It's a psychological as well as financial phenomenon that can cause widespread issues, as it did in the Great Depression when U.S. customers rushed to take out money, causing thousands of banks to fail.

The thing about panic in the financial system: it's contagious. "Contagion" is when a difficult event in one part of the financial sector spreads to other parts of the system. That affected a host of companies in the crypto crash of 2022, which brought down startups from FTX to Celsius.

What's going on with Silicon Valley Bank?

Silicon Valley Bank is based in Santa Clara. It calls itself "the go-to financial partner for investors in the innovation ecosystem and beyond," on its website, which lists clients like Shopify and legendary venture firm and Andreessen Horowitz.

"They are probably the most popular startup bank," Elizabeth Yin, general partner at Hustle Fund, told Entrepreneur.

So what went wrong? In simple terms, as Insider noted, SVB found itself in a difficult position after rising interest rates, which make it more expensive to borrow money, taking a toll on the world of venture-backed startups.

Startups often borrow capital from venture firms in the hopes of making a return, but it's a risky industry and became more difficult after the Federal Reserve began raising interest rates in the hopes of curbing inflation. The bank's strategy in particular meant it suffered more from rising interest rates, as the Times reported.

After the bank made the announcement about the losses late Wednesday, people in the startup world, such as Activant Capital, advised people to get out of the bank. SVB's stock dropped some 60% on Thursday.

Yin added she sent an email about it to the over 400 companies in Hustle Fund's portfolio. "If a bank run is already happening, you don't want to be the sucker," she explained, despite also not wanting to trigger a bank run by instigating panic.

Michael Burry, of The Big Short fame, wrote in a now-deleted Tweet on Thursday, "It is possible today we found our Enron."

There was also broader anxiety in the banking universe. Stocks of Bank of America and JPMorgan were down 5% on Thursday, per Reuters. The KBW Bank Index on Thursday had its worse performance since June 2020, as Bloomberg noted.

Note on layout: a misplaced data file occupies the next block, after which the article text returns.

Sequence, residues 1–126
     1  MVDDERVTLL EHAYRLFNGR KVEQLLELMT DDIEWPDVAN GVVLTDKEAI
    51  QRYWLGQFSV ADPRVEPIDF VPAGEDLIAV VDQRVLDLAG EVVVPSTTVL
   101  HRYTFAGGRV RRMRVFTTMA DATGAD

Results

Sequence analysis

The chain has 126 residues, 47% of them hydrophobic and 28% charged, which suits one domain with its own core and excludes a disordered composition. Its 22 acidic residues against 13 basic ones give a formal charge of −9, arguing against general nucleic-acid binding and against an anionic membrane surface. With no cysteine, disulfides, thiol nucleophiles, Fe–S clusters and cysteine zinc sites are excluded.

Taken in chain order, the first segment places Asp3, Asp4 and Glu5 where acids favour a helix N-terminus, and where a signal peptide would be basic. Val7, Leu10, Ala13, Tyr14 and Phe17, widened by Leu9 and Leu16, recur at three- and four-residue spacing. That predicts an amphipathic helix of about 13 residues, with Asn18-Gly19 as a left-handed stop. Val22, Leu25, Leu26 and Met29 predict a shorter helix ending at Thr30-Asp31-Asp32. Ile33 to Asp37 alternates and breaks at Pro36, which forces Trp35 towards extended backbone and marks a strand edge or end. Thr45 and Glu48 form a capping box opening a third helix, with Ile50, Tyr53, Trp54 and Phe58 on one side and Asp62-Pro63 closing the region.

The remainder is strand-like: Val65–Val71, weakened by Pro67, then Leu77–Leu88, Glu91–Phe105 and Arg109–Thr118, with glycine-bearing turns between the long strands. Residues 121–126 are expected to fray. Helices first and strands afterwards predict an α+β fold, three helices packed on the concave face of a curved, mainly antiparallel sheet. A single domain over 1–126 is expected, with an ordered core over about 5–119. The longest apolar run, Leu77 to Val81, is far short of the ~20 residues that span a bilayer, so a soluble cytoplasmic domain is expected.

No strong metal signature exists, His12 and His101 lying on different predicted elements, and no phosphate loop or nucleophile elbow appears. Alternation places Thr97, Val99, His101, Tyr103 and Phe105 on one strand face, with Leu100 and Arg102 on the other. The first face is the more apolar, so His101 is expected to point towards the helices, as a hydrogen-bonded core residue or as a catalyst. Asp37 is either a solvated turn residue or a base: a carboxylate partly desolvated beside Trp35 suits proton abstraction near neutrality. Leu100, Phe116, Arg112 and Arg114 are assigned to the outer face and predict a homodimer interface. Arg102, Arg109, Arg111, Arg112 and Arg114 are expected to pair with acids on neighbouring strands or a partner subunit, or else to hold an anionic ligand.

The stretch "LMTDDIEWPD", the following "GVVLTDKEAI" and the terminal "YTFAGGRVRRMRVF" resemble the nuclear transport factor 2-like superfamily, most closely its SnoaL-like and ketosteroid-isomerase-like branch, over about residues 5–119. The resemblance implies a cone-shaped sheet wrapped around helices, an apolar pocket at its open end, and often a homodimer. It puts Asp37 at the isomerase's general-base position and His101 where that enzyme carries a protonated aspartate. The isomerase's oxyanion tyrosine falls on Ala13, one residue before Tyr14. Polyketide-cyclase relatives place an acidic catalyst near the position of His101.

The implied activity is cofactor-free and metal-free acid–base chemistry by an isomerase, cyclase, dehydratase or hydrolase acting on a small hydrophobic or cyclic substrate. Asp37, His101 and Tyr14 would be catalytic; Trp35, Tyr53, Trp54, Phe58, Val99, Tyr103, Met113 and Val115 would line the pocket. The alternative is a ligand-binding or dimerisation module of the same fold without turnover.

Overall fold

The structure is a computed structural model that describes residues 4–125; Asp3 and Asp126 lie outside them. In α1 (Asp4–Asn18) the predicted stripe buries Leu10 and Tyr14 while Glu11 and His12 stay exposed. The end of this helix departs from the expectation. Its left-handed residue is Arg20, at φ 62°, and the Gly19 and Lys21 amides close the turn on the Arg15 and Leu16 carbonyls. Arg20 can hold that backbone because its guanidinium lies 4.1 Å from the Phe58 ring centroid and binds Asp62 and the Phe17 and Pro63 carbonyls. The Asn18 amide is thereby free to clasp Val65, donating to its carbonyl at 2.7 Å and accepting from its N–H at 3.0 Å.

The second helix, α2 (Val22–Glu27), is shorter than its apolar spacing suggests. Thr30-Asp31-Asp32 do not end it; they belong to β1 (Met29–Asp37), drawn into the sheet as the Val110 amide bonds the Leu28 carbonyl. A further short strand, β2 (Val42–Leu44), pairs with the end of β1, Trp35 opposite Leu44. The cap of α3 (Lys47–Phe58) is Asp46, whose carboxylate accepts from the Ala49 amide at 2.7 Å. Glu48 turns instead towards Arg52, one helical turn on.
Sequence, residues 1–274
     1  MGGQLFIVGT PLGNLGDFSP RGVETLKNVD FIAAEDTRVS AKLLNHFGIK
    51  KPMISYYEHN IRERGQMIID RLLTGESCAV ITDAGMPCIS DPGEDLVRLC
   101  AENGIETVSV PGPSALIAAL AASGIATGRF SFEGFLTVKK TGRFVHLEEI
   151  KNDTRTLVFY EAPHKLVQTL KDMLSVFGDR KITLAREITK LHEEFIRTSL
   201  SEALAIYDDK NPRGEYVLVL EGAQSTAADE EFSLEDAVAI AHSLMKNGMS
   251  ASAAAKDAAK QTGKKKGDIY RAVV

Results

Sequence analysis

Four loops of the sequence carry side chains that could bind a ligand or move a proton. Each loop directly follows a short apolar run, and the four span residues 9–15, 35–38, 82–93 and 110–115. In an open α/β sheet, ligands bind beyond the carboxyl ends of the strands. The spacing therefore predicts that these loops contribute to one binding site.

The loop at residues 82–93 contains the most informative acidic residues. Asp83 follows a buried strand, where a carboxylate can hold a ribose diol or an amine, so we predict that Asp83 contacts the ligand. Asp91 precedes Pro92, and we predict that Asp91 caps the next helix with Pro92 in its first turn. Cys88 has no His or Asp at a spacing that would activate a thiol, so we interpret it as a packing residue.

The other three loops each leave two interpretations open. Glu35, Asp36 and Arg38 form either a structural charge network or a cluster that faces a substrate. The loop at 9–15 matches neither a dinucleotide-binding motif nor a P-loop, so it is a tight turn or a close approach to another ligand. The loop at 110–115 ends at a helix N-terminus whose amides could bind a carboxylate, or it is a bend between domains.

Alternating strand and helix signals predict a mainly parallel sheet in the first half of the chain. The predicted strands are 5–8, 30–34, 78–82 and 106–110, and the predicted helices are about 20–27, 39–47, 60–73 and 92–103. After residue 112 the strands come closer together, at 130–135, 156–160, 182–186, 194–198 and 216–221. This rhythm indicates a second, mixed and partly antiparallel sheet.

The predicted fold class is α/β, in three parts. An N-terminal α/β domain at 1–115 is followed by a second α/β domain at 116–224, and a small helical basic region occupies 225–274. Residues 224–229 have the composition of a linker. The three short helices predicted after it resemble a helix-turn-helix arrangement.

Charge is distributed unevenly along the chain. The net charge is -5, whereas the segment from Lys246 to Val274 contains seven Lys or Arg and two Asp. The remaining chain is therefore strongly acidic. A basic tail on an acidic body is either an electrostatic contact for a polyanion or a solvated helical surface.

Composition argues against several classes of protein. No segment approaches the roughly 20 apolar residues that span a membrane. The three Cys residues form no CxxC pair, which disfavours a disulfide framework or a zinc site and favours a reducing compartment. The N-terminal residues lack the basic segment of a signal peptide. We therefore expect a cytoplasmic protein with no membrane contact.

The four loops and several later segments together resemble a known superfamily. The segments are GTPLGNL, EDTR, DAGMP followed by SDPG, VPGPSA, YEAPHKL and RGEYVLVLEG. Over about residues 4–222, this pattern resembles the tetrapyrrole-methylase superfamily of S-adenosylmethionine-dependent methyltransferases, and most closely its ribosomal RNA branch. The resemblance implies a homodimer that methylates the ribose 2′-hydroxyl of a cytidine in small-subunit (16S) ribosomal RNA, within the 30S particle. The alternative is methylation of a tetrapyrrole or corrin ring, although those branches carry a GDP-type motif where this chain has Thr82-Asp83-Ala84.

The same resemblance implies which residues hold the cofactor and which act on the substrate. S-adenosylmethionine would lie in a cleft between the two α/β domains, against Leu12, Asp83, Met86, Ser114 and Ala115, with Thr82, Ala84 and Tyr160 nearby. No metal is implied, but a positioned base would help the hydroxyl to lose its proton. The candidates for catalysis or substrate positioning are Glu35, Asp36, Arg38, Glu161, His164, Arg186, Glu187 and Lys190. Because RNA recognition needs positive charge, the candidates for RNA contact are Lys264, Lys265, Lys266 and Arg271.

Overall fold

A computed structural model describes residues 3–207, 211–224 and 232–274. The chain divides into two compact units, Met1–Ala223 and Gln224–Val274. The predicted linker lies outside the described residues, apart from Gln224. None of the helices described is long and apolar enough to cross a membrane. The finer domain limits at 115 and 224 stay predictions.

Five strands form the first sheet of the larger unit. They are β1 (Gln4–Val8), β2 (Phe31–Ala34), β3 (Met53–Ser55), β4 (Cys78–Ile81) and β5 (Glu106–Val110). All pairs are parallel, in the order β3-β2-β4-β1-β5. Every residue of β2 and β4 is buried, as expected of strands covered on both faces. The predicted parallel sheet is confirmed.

Bill Ackman, investor at Pershing Square Holdings, previously called for the government to bail out the bank.

FDIC's insurance covers up to $250,000 in deposits, which means that folks with more than that in SVB could face only partial refunds, per the Times.

Yin said she's hopeful a giant like JPMorgan might swoop in to buy the bank and cover any potential losses as far as customer deposits, as it did with Washington Mutual after the 2008 recession.

But, beyond that, Yin has been emailing and calling, trying to help founders figure out what to do with their assets and how to communicate with investors and employees.

"This is the only thing I've been working on for the last 24 hours," she said. "There are ramifications everywhere and I think we've just been spending a lot of time helping people stay calm," she added.

Ashley Tyrner, founder and CEO of FarmboxRx, which collaborates with programs including Medicare, to bring food to underserved communities, told Entrepreneur her company has "eight figures," in SVB. Tyrner declined to share the exact amount on the record, but Entrepreneur viewed a screenshot of the company's deposit in the bank.

She was unable to wire the company's money out of SVB on Thursday, she said, even after attempting to do so after her chief operating officer pinged her on vacation in a panic over the situation.

"We are very fortunate that this will not bankrupt the company," she told Entrepreneur. But, if scores of startups only got $250,000 of their deposits, then, "I'm the least of the problems."

Gabrielle Bienasz is a staff writer at Entrepreneur. She previously worked at Insider and Inc. Magazine.